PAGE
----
Best Mortgage Rates to Get Better?

Posted by  on Oct 12, 2010

Current Mortgage Rates and the Future

There is a well-worn saying: "Economists were invented to make astrologers look good." That truism remains popular largely because it remains true. Just six months ago, virtually all the so-called experts and commentators (including this writer) were predicting that today's mortgage rates would be higher than they were then, and would be set on a upward trajectory. The reality is 180° off.

According to Freddie Mac's latest (June 24) weekly survey, today's mortgage rates are lower than they were six months ago. In fact they are lower than they have been for more than 50 years. And the June 29 Pittsburgh Business Times quoted another, more recent source that says that the downward trend is continuing.

Best Mortgage Rates Not Really Best?

Meanwhile, Bloomberg asked June 29 whether today's record lowest mortgage rates should be even lower. It says that the credit crunch resulted in fewer lenders in the mortgage loan market, and that now just five giants account for 65 percent of all new home loans. And that means that the competitive forces that drive down prices are less strong.

This is partly due to a shift that has caused fewer borrowers to use mortgage brokers.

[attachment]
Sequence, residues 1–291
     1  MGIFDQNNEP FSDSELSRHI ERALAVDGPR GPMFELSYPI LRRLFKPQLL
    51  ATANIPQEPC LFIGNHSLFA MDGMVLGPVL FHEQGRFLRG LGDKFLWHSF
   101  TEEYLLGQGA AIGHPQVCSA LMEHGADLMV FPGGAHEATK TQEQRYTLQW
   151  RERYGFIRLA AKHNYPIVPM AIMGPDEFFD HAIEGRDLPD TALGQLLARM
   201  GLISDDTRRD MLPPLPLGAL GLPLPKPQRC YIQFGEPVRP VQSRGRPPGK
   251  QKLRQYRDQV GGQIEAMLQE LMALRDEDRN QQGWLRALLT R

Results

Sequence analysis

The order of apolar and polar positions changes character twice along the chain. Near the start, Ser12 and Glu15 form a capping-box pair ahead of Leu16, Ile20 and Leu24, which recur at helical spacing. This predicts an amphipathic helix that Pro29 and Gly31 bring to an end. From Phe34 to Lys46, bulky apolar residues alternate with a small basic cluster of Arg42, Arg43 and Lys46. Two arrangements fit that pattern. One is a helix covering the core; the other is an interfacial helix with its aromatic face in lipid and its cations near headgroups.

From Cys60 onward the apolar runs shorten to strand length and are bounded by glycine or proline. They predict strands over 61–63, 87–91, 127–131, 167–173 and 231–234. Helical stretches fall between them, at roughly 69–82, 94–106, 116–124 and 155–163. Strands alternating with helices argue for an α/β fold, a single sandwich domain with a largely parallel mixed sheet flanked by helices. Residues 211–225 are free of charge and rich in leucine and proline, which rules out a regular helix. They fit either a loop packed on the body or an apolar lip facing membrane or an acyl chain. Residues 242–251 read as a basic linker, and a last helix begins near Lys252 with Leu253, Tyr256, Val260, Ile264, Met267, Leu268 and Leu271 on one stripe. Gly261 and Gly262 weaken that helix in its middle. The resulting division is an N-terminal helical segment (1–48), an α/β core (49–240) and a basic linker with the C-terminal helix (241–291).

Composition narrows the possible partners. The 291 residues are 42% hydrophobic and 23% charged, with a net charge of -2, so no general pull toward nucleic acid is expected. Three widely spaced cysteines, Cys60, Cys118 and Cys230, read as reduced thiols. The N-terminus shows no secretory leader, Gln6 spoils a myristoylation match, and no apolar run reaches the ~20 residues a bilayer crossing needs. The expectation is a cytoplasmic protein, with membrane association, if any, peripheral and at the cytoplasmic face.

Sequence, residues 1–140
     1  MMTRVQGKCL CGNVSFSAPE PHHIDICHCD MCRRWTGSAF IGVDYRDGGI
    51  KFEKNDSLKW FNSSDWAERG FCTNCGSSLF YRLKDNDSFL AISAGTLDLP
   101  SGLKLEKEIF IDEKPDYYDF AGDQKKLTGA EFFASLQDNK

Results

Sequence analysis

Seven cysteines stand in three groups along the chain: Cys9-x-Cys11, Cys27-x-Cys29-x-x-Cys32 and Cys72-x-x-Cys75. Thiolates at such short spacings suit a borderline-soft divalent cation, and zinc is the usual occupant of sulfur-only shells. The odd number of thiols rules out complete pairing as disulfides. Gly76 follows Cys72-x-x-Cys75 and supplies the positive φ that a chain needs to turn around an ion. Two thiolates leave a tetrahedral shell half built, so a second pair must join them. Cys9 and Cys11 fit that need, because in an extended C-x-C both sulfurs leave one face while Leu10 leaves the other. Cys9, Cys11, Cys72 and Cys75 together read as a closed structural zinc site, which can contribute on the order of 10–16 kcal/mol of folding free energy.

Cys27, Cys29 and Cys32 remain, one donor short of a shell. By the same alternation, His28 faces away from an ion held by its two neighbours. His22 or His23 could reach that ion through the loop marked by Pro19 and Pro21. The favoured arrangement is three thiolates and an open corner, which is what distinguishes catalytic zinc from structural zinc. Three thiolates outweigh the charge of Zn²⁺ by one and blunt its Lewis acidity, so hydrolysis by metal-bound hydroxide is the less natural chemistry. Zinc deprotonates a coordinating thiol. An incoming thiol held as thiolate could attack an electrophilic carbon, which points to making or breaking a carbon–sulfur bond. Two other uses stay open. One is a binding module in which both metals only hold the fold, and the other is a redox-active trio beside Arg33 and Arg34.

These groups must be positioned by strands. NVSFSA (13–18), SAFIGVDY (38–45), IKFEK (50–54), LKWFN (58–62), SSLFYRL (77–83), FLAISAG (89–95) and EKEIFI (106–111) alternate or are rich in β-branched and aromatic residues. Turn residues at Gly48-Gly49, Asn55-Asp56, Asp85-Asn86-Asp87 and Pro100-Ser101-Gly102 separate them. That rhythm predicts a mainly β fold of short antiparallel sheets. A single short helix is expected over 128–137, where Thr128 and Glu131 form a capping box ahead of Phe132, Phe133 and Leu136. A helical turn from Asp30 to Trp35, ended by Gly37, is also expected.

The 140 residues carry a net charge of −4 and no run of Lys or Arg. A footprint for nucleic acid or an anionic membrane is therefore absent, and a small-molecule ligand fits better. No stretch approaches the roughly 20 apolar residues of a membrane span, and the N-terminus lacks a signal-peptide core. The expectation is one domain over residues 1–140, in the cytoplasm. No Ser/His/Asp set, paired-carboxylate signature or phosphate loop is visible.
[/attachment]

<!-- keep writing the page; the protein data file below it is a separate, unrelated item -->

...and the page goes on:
Now, you may struggle to feel much sympathy for these mortgage brokers--some of whom are widely blamed for many of the questionable loans that laid the economy low--but their share of the market has plummeted from 30 percent back in 2007 to 10 percent last quarter. And they often used to find home loans from smaller lenders, who are happier to compete on price, than larger ones that tend to keep prices high while attracting business by promoting their supposedly superior service delivery and ability to qualify borrowers.

Lowest Mortgage Rates to Go Lower?

This--along with a continuing appetite among investors for relatively safe, government-guaranteed, mortgage-backed securities--suggests that there may just be some room in the system for today's mortgage rates to decline further. But it could prove a mistake to expect anything like a precipitous fall.

After all, as Associated Press pointed out June 25, today's mortgage rates are already even lower than the previous record low of roughly 4.6 percent, which was set way back in the mid-1950s. Surely, it's likely that we're reaching a floor below which the whole business becomes unsustainable, regardless of the amount of government support on offer. Having said that, if this column has a mantra it's that predicting mortgage interest rates is a mug's game.

Home Refinance Now?

People who are thinking of refinancing might be tempted to hang on in the hope of seeing record lows being broken week after week. Who knows if they'll turn out to be right? But those tempted to do so should recognize that they'll be gambling with some high stakes.

There's no way of calculating the odds, but there has to be a very real possibility--arguably a probability--of home refinance rates turning round and climbing again sometime very soon. If you could do without the stress that high-stakes gambling brings, then you can compare mortgage rates--both for purchasing and refinancing--here.


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